What is Conversion Rate Optimization?
CRO, in short, Conversion Rate Optimization on its full name, is a relatively new branch of digital marketing that dabbles in the art of transforming traffic on your website into actual cash in your bank accounts.
Well, you see, it’s plain and simply not enough to simply attract hoards of users to your website, you have to convert them as well – and that’s where CRO (in the sense of Conversion Rate Optimization) comes into play.
For the next minutes or as long as it takes you to read this article over a cup of morning coffee, we will introduce you to the marvelous, complex, and fascinating world of conversion optimization, starting with the conversion optimization definition and ending with some of the essential conversion rate optimization tips.
The article at hand is the first piece of a series in which we plan to tackle the issue of CRO – we’d like to say once and for all, but given how rapidly things are changing in digital marketing, it would be unrealistic to say that what we have to say meets an exhaustive list of everything you need to know about CRO.
As such, instead of offering you tips that may or may not be true one or five years from now, we want to help you understand the rationale behind the conversion rate optimization best practices.
Enough with the blabbering, in any case.
Let’s jump right into the ultimate CRO introduction every marketer and entrepreneur should know.
What is a Conversion?
It is difficult to give a proper CRO definition (much less a CRO formula) without explaining, first and foremost, one of the fundamental distinctions lying at the basis of CRO marketing: the difference between micro-conversions and macro-conversions.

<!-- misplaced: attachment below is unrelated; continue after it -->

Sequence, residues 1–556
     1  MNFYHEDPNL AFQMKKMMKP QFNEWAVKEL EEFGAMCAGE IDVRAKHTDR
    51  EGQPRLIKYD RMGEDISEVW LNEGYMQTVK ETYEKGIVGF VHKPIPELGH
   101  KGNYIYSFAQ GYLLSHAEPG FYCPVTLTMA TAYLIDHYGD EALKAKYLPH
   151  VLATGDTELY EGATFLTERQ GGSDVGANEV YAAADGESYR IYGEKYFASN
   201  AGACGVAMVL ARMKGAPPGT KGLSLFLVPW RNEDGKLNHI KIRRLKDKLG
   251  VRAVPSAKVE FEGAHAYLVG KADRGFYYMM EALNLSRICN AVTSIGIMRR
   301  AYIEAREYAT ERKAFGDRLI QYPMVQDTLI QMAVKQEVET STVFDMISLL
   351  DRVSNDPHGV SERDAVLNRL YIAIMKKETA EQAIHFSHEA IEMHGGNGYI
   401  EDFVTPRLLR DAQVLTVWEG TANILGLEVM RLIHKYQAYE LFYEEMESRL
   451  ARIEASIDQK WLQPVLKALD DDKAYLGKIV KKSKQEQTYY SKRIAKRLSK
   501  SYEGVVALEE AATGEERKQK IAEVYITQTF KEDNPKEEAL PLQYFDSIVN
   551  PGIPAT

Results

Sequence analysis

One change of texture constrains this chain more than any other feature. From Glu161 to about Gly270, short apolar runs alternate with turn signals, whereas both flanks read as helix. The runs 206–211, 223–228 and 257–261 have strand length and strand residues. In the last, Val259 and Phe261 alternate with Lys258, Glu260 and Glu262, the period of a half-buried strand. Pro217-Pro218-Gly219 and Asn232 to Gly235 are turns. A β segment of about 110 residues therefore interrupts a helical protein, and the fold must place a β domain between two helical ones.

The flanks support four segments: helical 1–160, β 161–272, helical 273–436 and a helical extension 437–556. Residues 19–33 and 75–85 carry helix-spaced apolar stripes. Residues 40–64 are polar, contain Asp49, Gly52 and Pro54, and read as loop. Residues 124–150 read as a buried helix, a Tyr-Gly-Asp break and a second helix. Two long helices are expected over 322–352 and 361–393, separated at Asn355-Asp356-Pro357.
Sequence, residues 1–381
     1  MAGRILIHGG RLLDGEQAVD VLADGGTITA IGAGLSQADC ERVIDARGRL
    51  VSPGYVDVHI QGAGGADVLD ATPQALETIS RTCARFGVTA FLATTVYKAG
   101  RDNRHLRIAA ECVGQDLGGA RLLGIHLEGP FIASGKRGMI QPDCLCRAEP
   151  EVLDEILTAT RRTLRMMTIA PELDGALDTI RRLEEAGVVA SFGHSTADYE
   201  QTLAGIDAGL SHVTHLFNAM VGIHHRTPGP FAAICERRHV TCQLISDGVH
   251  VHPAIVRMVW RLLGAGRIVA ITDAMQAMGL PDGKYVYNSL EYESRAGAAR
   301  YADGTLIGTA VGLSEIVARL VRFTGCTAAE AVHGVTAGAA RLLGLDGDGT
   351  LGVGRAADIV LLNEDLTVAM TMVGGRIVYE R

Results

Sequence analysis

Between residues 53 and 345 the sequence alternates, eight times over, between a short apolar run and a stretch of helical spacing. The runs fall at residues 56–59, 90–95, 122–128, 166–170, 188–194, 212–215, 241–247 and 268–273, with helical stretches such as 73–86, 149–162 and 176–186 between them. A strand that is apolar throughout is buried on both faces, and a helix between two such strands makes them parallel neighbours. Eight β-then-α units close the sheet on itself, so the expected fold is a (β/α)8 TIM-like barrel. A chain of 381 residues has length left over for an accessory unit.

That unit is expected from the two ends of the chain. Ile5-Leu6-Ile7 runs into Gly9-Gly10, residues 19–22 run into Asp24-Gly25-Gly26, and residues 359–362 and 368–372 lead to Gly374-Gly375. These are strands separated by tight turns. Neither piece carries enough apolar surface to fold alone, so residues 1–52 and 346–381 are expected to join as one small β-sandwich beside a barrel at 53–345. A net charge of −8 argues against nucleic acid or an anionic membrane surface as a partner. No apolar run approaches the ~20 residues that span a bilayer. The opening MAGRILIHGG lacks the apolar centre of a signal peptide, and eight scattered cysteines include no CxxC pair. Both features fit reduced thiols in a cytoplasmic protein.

Understanding this difference is quintessential to understanding what Conversion Rate Optimization does precisely because many people (including among the marketing ranks) make the mistake of considering that micro conversions are, in fact, conversions.
Let me expand a bit on this.
What happens in the digital world, in general, is that you first record micro-conversions, and, at least in theory, you should “upgrade” those to macro-conversions.
Micro-conversions are usually actions that show the customer has engaged with your business. Likes, follows, newsletter subscribers, and all these digital metrics typically fall in this category.
When someone starts to actually buy from your company, though, you are entering the world of macro-conversions.
What many people get wrong about digital marketing, in general, is that they usually stop at the first stage and don’t track it to the second one. In short, likes, hearts, and peanuts seem to be the fabric of online marketing.
Which is wrong, because you can do SO much more than that – and Conversion Rate Optimization is a massive part of that. What you do in SEO, email marketing, and social media marketing should be naturally picked up by CRO and pushed further down the funnel to convert into actual sales and revenue for your company.
What Does Conversion Rate Optimization Do?
If you’re wondering what conversion optimization is still, don’t worry. It’s pretty tricky to understand precisely what CRO means and what a CRO does, precisely because CRO is, in fact, a cumulus of practices.
To understand what CRO is, you should first understand what is a conversion (which we have already discussed, along with the significant difference between micro-conversions and macro-conversions). As such, CRO (Conversion Rate Optimization) is the practice by which you boost your conversion rate.